The audit trace does not record everything. The changed data is recorded in the DB2 log. If an agent or a transaction accesses a table more than once in a single unit of recovery, only the first access is recorded, and then only if the audit trace is started for the appropriate class of events.

Some utilities are not audited. The first access of a table by LOAD is audited, but access by COPY, RECOVER, and REPAIR is not. Access by standalone utilities, such as DSN1CHKR and DSN1PRNT, is not audited. For more information on these utilities, refer to Chapter 7.


Everything comes at a cost. Auditing does have some overhead and can produce more data than necessary.

When the trace is started, the events to audit are chosen by giving one or more numbers to identify classes of events. Table 3-5 shows the available classes and the events they include. For additional information on trace classes, refer to Chapter 18.

Table 3-5. Classes Available for Audit and Events Included


Events Traced


Access attempts that DB2 denies because of inadequate authorization. This class is the default.


Explicit GRANT and REVOKE statements and their results. The class does not include implicit grants and revokes.


CREATE, ALTER, and DROP operations affecting audited tables and their results. The class includes the dropping of a table caused by DROP TABLESPACE or DROP DATABASE and the creation of a table with AUDIT CHANGES or AUDIT ALL. ALTER TABLE statements are audited only when they change the AUDIT option for the table.


Changes to audited tables. Only the first attempt to change a table, within a unit of recovery, is recorded. (If the agent or the transaction issues more than one COMMIT statement, the number of audit records increases accordingly.) The changed data is not recorded; only the attempt to make a change is. If the change is not successful and is rolled back, the audit record remains; it is not deleted. This class includes access by the LOAD utility. Accesses that are caused by attempted deletions from a parent table to a dependent table are also audited. The audit record is written even if the delete rule is RESTRICT, which prevents the deletion from the parent table. The audit record is also written when the rule is CASCADE or SET NULL, which can result in deletions cascading to the dependent table.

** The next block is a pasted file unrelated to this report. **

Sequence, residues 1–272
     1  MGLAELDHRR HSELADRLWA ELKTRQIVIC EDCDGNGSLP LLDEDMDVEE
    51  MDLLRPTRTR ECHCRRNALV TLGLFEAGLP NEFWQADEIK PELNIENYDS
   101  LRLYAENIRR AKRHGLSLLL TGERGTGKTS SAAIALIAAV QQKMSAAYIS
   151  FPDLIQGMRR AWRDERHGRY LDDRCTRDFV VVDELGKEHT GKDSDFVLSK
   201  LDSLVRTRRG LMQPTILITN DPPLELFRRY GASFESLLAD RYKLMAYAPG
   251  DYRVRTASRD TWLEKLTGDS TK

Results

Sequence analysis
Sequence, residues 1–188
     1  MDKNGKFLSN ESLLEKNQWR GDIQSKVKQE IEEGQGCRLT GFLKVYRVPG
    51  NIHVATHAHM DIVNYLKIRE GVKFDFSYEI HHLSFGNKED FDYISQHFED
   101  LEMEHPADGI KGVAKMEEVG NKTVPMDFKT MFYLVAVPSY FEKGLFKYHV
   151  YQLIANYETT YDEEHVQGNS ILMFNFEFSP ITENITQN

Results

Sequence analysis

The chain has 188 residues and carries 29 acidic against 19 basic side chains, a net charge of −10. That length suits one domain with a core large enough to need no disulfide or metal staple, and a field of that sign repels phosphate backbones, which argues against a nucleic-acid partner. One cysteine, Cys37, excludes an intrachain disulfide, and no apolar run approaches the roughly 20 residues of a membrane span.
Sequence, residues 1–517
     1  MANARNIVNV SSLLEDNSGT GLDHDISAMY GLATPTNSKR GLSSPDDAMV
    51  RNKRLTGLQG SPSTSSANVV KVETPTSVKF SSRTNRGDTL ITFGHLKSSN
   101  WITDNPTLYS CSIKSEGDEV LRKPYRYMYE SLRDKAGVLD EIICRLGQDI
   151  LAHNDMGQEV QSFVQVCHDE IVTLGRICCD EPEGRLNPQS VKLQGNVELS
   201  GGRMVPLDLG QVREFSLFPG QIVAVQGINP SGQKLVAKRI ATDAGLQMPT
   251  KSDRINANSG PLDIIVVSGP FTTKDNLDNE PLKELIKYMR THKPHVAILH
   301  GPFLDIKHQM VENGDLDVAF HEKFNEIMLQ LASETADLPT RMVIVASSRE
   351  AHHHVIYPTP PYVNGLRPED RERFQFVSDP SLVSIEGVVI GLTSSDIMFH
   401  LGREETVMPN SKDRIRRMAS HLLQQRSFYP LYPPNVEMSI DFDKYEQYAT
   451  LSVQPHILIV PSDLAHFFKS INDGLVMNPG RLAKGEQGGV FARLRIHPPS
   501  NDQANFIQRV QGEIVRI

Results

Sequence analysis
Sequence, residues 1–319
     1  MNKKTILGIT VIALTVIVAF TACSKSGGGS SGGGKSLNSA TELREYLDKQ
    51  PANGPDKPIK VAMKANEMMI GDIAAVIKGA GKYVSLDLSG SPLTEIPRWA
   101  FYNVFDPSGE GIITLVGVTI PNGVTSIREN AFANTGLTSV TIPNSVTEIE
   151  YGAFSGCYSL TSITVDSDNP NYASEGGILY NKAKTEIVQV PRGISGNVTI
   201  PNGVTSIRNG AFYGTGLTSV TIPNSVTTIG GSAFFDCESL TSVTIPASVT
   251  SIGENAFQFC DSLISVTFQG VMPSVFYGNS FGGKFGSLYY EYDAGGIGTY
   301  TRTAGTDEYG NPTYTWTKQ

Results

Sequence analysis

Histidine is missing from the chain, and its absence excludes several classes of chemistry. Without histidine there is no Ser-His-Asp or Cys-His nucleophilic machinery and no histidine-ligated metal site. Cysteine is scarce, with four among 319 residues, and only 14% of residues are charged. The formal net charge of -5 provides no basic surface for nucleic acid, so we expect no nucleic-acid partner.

All read accesses to tables that are identified as AUDIT ALL. As in class 4, only the first access within a DB2 unit of recovery is recorded, and references to a parent table are audited.


The bind of static and dynamic SQL statements of the following types: